Background: Biological trace elements are used in small amounts but are required for all living organisms. They are key components of many proteins and enzymes involved in important biological processes. Many trace element-dependent proteins have been characterized in various microbes, but very little is known about their occurrence, functions, and interactions in microbial communities in marine environments, especially in depth-related marine ecosystems.
Results: In this study, by analyzing metagenomic data from different geographic locations and water depths in the oceans around the world, we identified the distribution of genes encoding trace element-dependent proteins (for copper, molybdenum, tungsten, cobalt, nickel, and selenium) in a variety of marine samples from the upper ocean to the deep sea, which demonstrates vertical patterns of trace element utilization in marine microbes. More than 63,000 metalloprotein and selenoprotein genes belonging to nearly 100 families were predicted, constituting the largest environmental metalloprotein and selenoprotein gene dataset reported so far. Further examination of the interactions among trace elements revealed significant correlations between some of them (especially molybdenum or tungsten and selenium) and more active elemental crosstalk in the epipelagic zone of the ocean. Comparison of the patterns of trace element utilization across samples suggested that additional unknown factors might play a more important role in shaping trace element utilization in marine microbes living in certain locations. Finally, analysis of the relationship between water depth and metalloprotein/selenoprotein families revealed that the evolution of approximately half of the metalloprotein and selenoprotein families in marine microbial world could be influenced by ocean depth at either the global or the local level.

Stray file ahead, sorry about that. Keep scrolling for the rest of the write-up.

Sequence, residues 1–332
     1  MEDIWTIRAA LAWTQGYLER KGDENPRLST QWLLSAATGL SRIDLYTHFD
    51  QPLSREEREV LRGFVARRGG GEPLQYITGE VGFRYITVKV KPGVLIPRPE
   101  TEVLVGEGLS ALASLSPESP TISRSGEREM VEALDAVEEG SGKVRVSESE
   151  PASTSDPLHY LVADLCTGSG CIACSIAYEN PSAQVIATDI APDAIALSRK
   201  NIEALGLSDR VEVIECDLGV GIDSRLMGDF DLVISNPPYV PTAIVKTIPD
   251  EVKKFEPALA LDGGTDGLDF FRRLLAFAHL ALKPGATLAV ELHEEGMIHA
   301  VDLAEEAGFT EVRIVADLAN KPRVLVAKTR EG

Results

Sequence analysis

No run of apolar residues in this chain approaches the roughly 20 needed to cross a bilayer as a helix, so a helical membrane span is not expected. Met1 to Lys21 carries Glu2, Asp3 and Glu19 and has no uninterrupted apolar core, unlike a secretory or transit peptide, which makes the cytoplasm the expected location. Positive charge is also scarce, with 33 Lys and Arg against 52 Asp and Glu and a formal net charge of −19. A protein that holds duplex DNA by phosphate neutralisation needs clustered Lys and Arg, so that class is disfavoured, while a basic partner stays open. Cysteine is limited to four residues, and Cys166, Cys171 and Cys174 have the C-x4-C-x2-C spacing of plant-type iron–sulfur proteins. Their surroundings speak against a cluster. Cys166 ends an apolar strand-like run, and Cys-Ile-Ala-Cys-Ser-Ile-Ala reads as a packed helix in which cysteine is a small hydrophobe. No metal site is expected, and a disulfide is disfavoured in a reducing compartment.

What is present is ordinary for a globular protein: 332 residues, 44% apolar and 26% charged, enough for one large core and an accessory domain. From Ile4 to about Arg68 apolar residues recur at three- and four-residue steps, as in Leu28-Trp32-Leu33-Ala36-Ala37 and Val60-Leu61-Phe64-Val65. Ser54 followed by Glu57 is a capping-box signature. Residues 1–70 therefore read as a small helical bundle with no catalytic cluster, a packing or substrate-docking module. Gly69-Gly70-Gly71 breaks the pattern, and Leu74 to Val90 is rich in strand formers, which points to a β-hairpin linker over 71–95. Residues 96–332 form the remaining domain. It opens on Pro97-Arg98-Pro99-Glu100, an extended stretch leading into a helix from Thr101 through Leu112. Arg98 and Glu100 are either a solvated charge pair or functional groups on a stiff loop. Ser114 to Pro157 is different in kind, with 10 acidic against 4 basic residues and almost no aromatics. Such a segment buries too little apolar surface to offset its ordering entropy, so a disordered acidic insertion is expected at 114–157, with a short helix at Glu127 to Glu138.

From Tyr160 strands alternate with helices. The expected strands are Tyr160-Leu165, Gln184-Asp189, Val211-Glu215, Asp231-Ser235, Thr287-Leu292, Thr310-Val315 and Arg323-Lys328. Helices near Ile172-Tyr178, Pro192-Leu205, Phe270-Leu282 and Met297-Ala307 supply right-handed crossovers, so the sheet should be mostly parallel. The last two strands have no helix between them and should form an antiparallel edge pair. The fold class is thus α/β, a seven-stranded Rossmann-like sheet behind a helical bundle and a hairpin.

Conclusions: Our findings provide new insights into the utilization and functions of trace elements in marine microbes along a vertical gradient across the ocean.